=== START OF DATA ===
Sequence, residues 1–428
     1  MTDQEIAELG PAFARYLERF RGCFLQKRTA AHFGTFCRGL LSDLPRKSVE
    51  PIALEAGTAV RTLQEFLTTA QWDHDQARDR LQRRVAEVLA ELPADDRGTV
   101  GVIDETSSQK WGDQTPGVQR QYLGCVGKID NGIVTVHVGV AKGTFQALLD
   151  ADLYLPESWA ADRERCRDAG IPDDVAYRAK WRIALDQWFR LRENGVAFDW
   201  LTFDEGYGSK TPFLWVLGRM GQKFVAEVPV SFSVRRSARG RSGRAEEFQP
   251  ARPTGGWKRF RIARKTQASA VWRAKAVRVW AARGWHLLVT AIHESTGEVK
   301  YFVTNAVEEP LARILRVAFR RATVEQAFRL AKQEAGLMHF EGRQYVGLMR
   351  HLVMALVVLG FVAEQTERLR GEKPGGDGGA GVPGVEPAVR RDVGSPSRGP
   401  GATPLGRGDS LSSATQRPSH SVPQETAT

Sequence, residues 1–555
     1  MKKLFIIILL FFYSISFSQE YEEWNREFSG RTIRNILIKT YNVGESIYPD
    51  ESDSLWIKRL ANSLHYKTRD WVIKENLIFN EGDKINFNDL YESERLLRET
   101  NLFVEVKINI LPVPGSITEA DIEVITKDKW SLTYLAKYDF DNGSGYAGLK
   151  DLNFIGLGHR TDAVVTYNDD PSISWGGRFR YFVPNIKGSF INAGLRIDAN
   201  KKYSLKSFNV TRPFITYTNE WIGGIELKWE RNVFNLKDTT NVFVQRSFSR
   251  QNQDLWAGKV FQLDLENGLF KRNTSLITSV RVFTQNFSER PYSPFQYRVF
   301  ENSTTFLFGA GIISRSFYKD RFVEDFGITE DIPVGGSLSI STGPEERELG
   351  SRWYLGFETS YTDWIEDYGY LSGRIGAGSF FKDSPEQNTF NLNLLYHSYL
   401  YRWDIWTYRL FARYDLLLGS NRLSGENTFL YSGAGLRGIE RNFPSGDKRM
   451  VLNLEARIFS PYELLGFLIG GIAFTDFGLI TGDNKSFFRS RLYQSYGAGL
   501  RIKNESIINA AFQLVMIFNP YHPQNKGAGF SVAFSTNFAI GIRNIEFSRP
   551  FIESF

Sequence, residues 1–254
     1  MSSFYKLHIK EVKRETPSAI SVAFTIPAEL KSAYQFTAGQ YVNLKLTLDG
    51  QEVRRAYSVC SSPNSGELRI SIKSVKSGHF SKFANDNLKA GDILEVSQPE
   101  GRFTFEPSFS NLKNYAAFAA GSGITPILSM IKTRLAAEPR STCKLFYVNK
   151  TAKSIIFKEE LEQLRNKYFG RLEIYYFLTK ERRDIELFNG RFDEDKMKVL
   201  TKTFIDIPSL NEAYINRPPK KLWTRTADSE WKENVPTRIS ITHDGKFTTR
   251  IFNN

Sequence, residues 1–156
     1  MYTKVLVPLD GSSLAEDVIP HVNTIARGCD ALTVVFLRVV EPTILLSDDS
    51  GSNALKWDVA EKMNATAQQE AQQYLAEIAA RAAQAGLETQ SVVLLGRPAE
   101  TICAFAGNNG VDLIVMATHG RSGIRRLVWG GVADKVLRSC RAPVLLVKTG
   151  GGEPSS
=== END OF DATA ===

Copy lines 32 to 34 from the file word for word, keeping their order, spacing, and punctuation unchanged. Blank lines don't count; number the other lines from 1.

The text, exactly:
     1  MYTKVLVPLD GSSLAEDVIP HVNTIARGCD ALTVVFLRVV EPTILLSDDS
    51  GSNALKWDVA EKMNATAQQE AQQYLAEIAA RAAQAGLETQ SVVLLGRPAE
   101  TICAFAGNNG VDLIVMATHG RSGIRRLVWG GVADKVLRSC RAPVLLVKTG